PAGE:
In his seminal work Pedagogy of the Oppressed, Brazilian educator and philosopher Paulo Freire poses the question, “Who are better prepared than the oppressed to understand the terrible significance of an oppressive society?” For the past 50 years, stand-up comedy has provided an outlet for marginalized populations, and an opportunity to dispel stereotypes and reclaim lost power. Immigrants, most especially Jews in the 1950s, then Blacks in the ‘60s and ‘70s, and women in the ‘70s, have used the stage to hold a mirror to society, both reflecting and retracting social norms. These performers were invested in promoting positive examples of their communities, and were determined to increase tolerance by raising awareness and social consciousness.  Above all, they must have believed that we should all be doing better as a race and society and that improvement was possible.  Freire (2000) thought this is essential to effecting change. “In order for the oppressed to be able to wage the struggle for their liberation, they must perceive the reality of oppression not as a closed world from which there is no exit, but as a limiting situation, which they can transform.”  For me, these comedians were not only catalysts of change, but agents of hope. Read the rest of this entry »

Laura Cunningham

Laura Cunningham

I have always used humor to get through life’s personal challenges. But as a playwright, I discovered that humor can also help communities come together to talk about contentious topics and/or deal with difficult topics. I will share with you two examples: fracking and aging.

I happen to live above one the largest natural gas deposits in the world – the Marcellus Shale Formation. This was not news to me, because I spent much of my childhood on my grandfather’s farm on the banks of the Chenango River. It was a lot of fun. Especially when Grandpa lit the tap water on fire. As a little kid, I thought: wow! This is really cool. We can actually light our water on fire. It didn’t occur to me that we were also drinking that same water. Maybe that’s why I turned out the way I did. A bit on the wonky side.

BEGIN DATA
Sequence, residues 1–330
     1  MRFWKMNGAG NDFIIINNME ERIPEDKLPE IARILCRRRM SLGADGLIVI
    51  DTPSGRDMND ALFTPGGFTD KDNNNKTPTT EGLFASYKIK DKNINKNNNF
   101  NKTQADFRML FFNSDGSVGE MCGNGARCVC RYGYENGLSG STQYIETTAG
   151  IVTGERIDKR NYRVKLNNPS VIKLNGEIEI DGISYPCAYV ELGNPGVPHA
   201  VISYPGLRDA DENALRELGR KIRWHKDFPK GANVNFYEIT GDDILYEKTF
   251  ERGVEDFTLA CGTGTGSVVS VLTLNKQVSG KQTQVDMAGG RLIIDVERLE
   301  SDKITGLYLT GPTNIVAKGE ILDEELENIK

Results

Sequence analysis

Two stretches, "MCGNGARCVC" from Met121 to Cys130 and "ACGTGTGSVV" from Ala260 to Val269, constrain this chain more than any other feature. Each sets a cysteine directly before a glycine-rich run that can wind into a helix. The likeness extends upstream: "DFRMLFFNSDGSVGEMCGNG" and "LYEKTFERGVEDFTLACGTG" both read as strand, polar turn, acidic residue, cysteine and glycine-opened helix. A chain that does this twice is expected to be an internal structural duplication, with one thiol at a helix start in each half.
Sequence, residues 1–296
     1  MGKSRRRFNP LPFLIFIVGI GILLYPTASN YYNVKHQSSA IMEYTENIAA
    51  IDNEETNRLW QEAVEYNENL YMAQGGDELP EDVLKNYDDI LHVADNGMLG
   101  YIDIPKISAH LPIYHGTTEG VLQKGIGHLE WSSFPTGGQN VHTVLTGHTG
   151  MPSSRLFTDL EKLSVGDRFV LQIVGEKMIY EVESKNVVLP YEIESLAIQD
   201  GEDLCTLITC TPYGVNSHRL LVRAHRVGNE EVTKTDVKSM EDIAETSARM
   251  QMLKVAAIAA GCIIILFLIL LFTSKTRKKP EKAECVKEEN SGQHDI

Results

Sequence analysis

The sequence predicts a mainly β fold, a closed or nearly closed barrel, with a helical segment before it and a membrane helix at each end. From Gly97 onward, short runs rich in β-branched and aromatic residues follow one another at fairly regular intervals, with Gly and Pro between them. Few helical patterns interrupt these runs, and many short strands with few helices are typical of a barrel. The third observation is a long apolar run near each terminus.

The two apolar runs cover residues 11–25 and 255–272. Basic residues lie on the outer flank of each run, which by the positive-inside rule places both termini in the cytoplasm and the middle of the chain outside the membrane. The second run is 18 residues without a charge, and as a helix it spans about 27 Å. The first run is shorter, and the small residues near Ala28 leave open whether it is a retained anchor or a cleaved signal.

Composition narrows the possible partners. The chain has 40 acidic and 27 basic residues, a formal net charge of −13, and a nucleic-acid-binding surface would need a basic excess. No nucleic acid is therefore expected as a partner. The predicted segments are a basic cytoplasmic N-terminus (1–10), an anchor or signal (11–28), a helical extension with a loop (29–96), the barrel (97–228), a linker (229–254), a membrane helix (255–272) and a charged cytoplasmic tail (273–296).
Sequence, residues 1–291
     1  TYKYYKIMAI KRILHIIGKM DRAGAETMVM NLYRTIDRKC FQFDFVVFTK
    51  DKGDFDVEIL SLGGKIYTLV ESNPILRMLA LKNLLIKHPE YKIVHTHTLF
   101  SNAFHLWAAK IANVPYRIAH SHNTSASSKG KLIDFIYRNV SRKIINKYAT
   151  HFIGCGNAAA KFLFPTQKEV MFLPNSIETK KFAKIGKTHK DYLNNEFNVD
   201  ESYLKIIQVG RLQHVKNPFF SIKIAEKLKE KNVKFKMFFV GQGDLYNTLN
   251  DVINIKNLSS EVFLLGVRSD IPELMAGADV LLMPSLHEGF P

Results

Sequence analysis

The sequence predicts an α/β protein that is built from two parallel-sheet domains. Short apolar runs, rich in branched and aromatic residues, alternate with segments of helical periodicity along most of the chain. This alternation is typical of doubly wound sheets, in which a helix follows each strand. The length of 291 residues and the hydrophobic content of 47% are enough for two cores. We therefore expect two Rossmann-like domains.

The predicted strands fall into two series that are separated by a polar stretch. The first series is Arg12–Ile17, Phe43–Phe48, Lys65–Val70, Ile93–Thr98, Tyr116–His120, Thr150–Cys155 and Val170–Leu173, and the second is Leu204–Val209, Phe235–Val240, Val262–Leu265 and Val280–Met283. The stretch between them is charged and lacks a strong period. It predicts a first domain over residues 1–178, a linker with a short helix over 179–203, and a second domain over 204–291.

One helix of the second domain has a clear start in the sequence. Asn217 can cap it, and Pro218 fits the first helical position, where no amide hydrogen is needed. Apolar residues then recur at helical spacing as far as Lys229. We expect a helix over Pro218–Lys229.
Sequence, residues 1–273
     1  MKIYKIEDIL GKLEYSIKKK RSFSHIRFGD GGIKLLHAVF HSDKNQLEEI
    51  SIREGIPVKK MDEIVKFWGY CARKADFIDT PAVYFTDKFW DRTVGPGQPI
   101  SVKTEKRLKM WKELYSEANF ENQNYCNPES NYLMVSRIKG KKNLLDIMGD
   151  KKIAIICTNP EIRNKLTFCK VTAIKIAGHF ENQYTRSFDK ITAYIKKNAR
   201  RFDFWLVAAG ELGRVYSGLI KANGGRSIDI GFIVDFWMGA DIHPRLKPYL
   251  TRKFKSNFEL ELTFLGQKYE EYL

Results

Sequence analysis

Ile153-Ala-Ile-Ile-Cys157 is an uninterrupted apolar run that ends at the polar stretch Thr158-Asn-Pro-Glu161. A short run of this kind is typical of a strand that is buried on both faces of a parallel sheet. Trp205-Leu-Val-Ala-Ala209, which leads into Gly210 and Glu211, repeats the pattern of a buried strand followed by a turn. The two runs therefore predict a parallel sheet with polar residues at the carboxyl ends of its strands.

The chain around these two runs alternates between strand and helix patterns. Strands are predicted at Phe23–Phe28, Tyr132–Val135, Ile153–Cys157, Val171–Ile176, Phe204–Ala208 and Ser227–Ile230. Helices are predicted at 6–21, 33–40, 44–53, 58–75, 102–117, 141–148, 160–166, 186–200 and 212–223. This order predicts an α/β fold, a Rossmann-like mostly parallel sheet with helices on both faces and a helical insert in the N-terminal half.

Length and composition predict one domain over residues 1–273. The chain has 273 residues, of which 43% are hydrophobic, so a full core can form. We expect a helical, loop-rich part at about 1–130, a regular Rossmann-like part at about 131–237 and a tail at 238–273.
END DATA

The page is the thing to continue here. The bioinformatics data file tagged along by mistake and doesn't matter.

So we always knew there was gas. Like lots of farmers, my grandfather leased his property to gas companies for pennies an acre. But nobody ever drilled any wells because it was located in pockets of shale and couldn’t be extracted at a profit. Fast forward fifty years and south of the border, in Pennsylvania, wells are being drilled for that same shale gas. What has changed? Fracking.

At the moment, there’s a moratorium on fracking in New York. But there’s no moratorium on the debate about fracking. It’s a highly polarizing topic, predicting either economic boom or environmental doom. A lot is at stake but it’s impossible to move past talking points and shouting matches to a civil discussion of the issues.

Then I had a “what if” moment. What if I could write a comedy about fracking that didn’t take sides? You see, I believe that humor can connect people in a way that lawn signs and bumper stickers cannot. So I wrote a play about fracking. The title was a no-brainer: Frack You!. My first two characters flung themselves into my laptop: Frick and Frack. I was fearless – had no clue what the story would be – didn’t even have an ending – but how could I go wrong with Frick, Frack, and a catchy title? Read the rest of this entry »

Negin Farsad

Negin Farsad

It’s the future, bitches. And the future needs figuring out. It needs parsing and unpacking because it’s…ugh… so complicated and booooring. Where there used to be two dudes at a table having a conversation, there are now algorithms spitting out preferences. Where once upon a time we could count on social responsibility and public good, we now count on public shaming and seemingly irrefutable made-up factiness.